Shocking lack of radiation know-how among docs

JUNIOR doctors are ill-prepared to talk to cancer patients about radiation therapy because they just don't know enough about it - despite an ever-increasing number of Australians battling the disease.

An alarming new study which will be presented to an industry conference this weekend found that most medical degrees are dedicating fewer than five days of training to radiation therapy.

The report also found that 90 per cent of Australian and New Zealand medical schools didn't have a formal curriculum in radiation oncology while half weren't offering any formal training at all.

 

By 2040, about two million Australians will be living with or will have survived cancer.
By 2040, about two million Australians will be living with or will have survived cancer.

The study noted that "physicians outside of oncology report a significant discomfort and little training in oncological and survivorship management, which can eventually impede multidisciplinary oncologic care".

It comes as forecasts show by 2040 about two million Australians will be living with or will have survived cancer.

Westmead Hospital oncologist and study co-author Professor Sandra Turner said radiation therapy was the future of non-invasive cancer treatment and medical schools needed to give it more focus.

The MRI-Linac improves accuracy and precision of radiotherapy treatment for cancer.
The MRI-Linac improves accuracy and precision of radiotherapy treatment for cancer.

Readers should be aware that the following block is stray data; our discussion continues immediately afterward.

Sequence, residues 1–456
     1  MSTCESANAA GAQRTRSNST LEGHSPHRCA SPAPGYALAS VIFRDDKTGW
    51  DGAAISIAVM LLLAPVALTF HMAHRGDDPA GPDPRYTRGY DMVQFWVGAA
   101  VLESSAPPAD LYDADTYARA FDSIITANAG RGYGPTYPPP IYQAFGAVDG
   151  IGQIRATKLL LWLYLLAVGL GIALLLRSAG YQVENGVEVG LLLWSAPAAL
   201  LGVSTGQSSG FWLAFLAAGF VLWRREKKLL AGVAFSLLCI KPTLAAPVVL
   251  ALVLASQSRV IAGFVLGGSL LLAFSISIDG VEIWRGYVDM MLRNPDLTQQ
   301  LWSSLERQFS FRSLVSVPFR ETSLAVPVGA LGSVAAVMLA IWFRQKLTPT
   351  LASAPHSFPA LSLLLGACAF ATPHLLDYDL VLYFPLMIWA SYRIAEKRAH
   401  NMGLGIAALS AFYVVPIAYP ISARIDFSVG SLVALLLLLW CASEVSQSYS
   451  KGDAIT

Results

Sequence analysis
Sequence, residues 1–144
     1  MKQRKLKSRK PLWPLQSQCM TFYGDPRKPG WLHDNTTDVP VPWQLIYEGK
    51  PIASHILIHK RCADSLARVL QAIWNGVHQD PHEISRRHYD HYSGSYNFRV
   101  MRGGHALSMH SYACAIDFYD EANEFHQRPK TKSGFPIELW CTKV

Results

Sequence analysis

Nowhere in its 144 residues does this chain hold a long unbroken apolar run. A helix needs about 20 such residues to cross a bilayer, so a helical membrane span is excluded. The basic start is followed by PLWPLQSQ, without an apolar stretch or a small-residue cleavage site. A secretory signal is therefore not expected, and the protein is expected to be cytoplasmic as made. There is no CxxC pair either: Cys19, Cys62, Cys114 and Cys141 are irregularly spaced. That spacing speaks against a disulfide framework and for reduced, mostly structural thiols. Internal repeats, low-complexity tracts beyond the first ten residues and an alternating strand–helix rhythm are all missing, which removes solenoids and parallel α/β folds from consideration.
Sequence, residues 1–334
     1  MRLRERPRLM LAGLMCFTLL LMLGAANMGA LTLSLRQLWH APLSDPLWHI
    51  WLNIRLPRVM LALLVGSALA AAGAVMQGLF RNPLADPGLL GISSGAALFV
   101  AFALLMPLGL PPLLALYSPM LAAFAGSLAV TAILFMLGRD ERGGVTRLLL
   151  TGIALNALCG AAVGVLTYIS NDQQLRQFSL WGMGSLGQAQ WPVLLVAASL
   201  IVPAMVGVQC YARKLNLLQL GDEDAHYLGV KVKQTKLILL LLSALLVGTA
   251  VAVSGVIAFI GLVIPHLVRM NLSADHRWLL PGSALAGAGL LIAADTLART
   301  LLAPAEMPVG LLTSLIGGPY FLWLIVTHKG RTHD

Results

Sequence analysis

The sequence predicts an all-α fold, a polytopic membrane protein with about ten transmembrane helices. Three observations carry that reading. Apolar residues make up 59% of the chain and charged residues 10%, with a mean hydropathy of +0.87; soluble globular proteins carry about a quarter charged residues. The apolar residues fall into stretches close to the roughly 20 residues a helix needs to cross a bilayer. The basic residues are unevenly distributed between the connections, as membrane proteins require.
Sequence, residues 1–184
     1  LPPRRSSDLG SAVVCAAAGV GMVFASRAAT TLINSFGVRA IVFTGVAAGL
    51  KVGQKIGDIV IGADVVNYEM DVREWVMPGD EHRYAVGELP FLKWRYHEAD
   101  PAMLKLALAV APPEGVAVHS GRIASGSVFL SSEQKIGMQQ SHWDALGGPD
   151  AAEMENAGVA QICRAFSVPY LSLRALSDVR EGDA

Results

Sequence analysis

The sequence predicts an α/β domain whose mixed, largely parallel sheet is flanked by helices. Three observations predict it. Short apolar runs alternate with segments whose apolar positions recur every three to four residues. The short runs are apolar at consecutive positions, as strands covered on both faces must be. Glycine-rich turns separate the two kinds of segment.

Radiation therapy uses beams of intense energy to kill cancer cells.
Radiation therapy uses beams of intense energy to kill cancer cells.

"Worryingly, of the medical schools 75 per cent - at least - said they weren't going to focus more on it," Prof Turner said.

"Not only is it bad now but people don't even have it on their radar to make it better."

The report surveyed 16 of the 24 medical schools in Australia and New Zealand and will be used to advocate for a greater focus on radiation oncology.

Radiation therapy uses beams of intense energy to kill cancer cells.

Prof Turner said it tended to be used for local cancers and was less invasive than chemotherapy or drug treatment, because it was so locally targeted.

She said all doctors needed an understanding of how it worked, because they needed to know when to refer patients to radiation oncologists.

Many medical students didn’t get exposure to cancer patients receiving radiation therapy ­because most of them were outpatients.
Many medical students didn’t get exposure to cancer patients receiving radiation therapy ­because most of them were outpatients.

The study backs up another recent Australian report which found 75 per cent of junior doctors felt they were unable to confidently discuss radiation therapy with patients.

Prof Turner said the lack of medical school training meant junior doctors were at risk at being ill-prepared to care for cancer patients adequately.

"For many cancer patients, radiation therapy could be their preferred and/or most effective treatment option," Prof Turner said.

"All cancer patients for whom radiation therapy might be an option should see a radiation oncologist to understand the pros and cons.

"Only then can they make fully informed decisions about treatment.

"All doctors having knowledge of the role of radiation therapy is vital in ensuring this occurs."

Prof Turner said many medical students also didn't get exposure to cancer patients receiving radiation therapy ­because most of them were outpatients.